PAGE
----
On Wednesday an announcement from The All England Club confirmed what many have both expected and feared in the world of tennis.
The Wimbledon Championships has been axed from the 2020 season due to the Covid-19 pandemic. It has been 75 years since the tournament was last dropped from the calendar and that was due to World War Two in 1945. To underline the uniqueness of the decision, the tournament has never been cancelled during peacetime (outside of the World Wars) since its birth in 1877.
“This is a decision that we have not taken lightly, and we have done so with the highest regard for public health and the wellbeing of all those who come together to make Wimbledon happen.” AELTC Chairman Ian Hewitt said in a statement.
“It has weighed heavily on our minds that the staging of The Championships has only been interrupted previously by World Wars but, following thorough and extensive consideration of all scenarios, we believe that it is a measure of this global crisis that it is ultimately the right decision to cancel this year’s Championships, and instead concentrate on how we can use the breadth of Wimbledon’s resources to help those in our local communities and beyond.”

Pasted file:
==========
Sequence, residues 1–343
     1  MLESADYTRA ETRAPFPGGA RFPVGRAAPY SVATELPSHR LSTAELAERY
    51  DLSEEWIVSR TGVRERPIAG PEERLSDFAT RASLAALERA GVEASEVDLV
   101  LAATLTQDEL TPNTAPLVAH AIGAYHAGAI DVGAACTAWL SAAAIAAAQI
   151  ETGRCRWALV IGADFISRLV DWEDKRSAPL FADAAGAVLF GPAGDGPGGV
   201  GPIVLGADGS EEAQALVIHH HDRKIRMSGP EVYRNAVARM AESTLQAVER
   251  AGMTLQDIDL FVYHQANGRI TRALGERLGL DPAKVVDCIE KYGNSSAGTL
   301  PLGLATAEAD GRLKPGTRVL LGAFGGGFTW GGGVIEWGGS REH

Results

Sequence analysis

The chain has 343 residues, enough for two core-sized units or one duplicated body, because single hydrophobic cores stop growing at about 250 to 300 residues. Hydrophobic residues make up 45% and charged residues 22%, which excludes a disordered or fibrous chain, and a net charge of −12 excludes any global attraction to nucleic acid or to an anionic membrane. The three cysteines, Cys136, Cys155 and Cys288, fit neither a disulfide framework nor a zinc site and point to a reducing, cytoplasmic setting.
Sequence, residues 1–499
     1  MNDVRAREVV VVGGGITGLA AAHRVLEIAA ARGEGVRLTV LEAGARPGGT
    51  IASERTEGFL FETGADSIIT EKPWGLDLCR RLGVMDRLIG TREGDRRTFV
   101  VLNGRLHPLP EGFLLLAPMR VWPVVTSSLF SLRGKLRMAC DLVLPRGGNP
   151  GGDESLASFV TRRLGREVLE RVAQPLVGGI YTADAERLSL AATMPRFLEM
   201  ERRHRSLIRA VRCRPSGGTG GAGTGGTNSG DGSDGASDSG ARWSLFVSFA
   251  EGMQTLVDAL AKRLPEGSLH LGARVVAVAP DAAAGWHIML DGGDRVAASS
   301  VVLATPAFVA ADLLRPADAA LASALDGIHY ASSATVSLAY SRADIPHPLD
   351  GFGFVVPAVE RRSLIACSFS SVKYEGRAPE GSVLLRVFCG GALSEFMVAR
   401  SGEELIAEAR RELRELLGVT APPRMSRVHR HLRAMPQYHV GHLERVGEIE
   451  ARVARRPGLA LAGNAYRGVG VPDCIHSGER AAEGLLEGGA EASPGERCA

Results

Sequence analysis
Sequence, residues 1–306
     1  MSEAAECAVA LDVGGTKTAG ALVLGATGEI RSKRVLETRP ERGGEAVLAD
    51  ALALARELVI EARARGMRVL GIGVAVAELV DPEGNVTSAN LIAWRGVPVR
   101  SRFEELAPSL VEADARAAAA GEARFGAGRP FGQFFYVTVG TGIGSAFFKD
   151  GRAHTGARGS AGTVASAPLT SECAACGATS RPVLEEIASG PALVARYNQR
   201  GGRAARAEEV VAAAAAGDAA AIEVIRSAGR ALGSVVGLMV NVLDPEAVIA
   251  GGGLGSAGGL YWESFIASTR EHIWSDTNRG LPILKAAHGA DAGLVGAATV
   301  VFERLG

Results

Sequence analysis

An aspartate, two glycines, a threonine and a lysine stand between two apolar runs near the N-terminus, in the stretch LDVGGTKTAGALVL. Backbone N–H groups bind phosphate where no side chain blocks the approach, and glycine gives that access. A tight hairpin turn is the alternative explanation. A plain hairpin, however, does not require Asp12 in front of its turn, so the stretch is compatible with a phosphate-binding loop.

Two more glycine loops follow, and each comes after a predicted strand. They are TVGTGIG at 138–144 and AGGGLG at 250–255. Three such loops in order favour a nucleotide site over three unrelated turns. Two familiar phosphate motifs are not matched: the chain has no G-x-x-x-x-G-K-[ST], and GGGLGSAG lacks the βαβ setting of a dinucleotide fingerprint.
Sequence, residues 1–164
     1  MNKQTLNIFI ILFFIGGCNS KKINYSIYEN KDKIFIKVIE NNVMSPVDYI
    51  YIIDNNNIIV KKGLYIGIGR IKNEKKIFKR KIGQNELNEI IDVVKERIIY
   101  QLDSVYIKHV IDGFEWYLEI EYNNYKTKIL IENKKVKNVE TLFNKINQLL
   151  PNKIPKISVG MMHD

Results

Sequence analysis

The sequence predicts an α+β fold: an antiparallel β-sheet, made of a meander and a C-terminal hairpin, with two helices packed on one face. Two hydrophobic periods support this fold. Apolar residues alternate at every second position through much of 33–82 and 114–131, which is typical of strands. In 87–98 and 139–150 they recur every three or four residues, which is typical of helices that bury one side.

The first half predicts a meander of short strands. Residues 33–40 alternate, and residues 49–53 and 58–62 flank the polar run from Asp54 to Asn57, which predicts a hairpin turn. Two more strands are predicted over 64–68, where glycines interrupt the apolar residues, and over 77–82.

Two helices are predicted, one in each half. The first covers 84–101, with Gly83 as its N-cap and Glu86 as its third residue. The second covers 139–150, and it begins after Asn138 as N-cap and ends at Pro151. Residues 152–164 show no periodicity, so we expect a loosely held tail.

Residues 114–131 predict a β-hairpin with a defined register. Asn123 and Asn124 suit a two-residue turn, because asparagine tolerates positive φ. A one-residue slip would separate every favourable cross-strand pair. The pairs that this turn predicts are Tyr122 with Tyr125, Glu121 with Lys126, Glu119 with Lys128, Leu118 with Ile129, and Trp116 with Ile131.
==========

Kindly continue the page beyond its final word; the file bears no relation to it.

Nobody can fault the action taken to cancel the grand slam. Coinciding with the announcement, the Department of Heath confirmed that a further 563 people in the UK have died from Covid-19 to bring the total to 2352. It is the first time there has been a rise of over 500.
Still, players are left devastated by the fact no Wimbledon will take place. The tournament is one like no other. It prides itself on tradition whilst trying to incorporate the latest technology to keep in line with the current world. Over the years, it has essentially transformed into a renowned brand. Illustrated by the 500,397 who attended the event last year over a 13-day period. For the players, it is the premier court that is in the hearts of many.
“Every time you come back and play at Wimbledon on Centre Court, you warm up and all you hear is the sound of the ball, your movement, your breathing, because people are so quiet. They really only applaud for good shots. They never applaud for unforced errors. It’s just a very respectful crowd. It’s such a totally different feel to anywhere else in the world.” World No.3 Roger Federer once said.
Federer holds the record for most Wimbledon titles won by a man at eight. He was tantalisingly close to a ninth in 2019 with two match points in the final, but lost to Novak Djokovic in a marathon encounter that lasted nearly five hours. For the Swiss maestro, the tournament is considered his best shot at adding to his grand slam tally.